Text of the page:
Laughter heals and this is proving to be true even in times of disaster. In Nepal, clowns are employing this humorous panacea in informal camps and hospitals set up for those affected by the earthquake, specifically for children.
The Flower Clown, also known as Ron Fowler, has a long history of doing shows in Nepal since he first landed in the Himalayan nation in 1997 “falling in love with the country and its people”. He would never have imagined however, that an earthquake would have hit the country when he was there with his wife and 6-year-old daughter. While he and his family were unharmed, Fowler saw friends and strangers lose everything. Despite the circumstances, he managed to put on a balloon show for a group of children affected by the disaster.
“I didn’t have a lot in the way of basics to give out to people because I was stuck in the same situation as everybody else. On the other hand, I have a talent and still had some balloon stock,” said Fowler to the Baltic Review. A video capturing his act was uploaded to Facebook. Children appear reaching for balloons and ready to whack each other with faux swords.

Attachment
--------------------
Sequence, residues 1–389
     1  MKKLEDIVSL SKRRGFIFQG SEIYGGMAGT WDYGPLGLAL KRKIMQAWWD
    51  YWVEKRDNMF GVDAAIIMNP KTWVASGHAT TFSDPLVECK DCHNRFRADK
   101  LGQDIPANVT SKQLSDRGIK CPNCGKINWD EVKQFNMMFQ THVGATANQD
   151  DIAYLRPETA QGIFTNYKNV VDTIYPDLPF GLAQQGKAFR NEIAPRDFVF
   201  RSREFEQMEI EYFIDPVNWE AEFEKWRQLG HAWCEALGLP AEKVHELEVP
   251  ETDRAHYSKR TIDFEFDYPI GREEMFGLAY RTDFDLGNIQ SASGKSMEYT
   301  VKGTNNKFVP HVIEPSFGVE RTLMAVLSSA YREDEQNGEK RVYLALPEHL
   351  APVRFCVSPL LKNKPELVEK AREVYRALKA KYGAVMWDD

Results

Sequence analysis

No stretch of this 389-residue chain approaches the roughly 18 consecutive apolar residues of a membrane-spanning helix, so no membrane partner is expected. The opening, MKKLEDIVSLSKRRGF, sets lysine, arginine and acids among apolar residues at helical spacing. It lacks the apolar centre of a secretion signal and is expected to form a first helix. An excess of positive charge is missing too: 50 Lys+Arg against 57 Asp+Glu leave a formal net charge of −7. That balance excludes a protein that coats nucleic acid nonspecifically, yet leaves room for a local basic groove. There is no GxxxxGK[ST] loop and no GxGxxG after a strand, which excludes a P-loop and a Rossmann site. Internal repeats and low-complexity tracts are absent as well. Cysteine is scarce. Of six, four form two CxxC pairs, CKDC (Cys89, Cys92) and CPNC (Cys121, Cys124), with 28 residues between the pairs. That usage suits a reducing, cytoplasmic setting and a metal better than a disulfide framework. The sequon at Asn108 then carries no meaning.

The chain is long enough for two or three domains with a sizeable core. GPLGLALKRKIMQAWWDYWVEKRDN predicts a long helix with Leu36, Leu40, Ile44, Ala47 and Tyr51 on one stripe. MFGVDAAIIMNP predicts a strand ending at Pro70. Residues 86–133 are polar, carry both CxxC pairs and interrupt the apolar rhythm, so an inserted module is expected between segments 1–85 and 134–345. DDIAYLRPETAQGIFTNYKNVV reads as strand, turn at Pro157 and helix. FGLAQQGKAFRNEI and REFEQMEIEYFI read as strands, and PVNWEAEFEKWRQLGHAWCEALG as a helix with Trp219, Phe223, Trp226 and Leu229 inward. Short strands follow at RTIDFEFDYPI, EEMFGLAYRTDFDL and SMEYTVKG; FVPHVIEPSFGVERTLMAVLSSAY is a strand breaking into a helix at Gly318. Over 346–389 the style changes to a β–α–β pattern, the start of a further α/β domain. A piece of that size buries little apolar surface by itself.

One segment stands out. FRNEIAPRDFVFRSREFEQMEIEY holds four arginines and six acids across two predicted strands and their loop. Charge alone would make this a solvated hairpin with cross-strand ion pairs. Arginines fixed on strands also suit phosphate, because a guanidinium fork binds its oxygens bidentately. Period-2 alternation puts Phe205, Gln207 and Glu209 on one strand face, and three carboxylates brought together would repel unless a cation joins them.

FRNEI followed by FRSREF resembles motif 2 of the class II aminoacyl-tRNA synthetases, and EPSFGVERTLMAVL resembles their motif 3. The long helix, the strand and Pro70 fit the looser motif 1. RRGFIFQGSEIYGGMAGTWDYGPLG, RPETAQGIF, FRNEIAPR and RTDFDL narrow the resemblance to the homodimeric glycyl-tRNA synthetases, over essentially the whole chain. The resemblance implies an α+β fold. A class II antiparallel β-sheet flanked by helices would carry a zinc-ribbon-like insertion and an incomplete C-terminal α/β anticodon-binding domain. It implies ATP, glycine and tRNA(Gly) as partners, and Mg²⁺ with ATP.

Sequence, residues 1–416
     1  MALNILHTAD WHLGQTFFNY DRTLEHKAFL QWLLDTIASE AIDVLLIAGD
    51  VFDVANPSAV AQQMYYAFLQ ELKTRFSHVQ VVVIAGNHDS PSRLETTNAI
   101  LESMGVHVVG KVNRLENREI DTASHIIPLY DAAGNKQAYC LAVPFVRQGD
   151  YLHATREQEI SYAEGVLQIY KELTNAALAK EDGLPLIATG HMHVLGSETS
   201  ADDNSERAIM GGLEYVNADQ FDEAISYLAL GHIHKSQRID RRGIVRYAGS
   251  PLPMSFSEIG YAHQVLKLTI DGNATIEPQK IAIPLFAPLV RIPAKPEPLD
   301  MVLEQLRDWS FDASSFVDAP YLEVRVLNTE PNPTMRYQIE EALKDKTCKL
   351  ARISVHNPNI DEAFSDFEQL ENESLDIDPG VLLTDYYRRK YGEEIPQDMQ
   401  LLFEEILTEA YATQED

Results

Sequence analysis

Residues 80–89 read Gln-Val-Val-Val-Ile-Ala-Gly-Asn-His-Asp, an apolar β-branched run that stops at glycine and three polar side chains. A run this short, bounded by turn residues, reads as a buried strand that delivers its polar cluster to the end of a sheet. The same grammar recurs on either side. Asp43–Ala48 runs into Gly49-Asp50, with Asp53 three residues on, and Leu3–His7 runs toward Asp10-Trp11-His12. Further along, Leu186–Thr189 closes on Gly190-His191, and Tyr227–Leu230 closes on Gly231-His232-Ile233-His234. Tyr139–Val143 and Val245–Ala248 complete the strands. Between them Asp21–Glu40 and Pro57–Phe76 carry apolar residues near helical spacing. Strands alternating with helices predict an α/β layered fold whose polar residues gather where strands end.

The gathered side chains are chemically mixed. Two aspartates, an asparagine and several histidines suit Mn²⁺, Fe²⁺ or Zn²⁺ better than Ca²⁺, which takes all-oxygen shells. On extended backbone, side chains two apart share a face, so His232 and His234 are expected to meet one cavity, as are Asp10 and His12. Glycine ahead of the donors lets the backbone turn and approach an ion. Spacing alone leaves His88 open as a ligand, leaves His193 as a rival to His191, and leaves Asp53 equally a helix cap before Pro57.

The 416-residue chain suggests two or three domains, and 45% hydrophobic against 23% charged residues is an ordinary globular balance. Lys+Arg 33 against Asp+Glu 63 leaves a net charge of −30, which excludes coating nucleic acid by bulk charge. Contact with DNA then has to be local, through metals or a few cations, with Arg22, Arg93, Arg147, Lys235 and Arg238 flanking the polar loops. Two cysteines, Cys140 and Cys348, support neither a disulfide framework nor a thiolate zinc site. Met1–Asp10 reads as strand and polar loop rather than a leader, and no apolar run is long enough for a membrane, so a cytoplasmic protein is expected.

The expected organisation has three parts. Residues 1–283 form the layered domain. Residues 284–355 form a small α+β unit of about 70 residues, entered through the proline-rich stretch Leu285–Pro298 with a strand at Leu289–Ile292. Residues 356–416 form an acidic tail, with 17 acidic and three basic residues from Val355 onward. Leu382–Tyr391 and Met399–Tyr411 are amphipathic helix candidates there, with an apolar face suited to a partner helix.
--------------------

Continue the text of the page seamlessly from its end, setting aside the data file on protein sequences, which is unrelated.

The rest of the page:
“Clowns are rare in Nepal. I do however know of a magician in Kathmandu and this year I taught him how to make some balloon animals,” said the 45-year-old. He added that the balloons needed are not available in markets in Kathmandu. All Fowler’s extra stock plus one kilogram which is currently on the way from Bangkok will go to local magician Suraj Mainali.
“I am putting on some magic shows for earthquake victims. Yesterday I performed some magic tricks and organized a balloon demonstration for children to ease their stress and trauma,” Mainali told the Baltic Review.
Indeed, each of us has quoted the well-known chestnut, “Laughter is the best medicine,” at one point or another. In real Patch Adams’ style, a team of medical clowns is ‘prescribing smiles’ to children in Nepal. A small yet significant part of the Israeli rescue team is the “Dream Doctors”. They are medical clowns with the mission of bringing laughter to kids recovering from injuries sustained during the earthquake. In the past, the Embassy of Israel in Nepal had facilitated training on practicing ‘medical clowning’ to help bridging the gap between doctors and patients in hospitals. If you imagined that the only place you would find a clown was in the circus, you will be surprised to see how things have changed. Clowns often visit pediatric wards to cheer up young patients. Studies suggest that their participation in treatments can help children endure painful procedures and speed their healing.
People in Nepal have lost family members and possessions during the quake, which killed more than 7,500 and injured more than 14,000. It might seem trivial to see a gang wearing red noses and floppy shoes where people lack basic necessities. But along with water, medicines, food and tents, they can offer psychological support and bring smiles to those in trauma.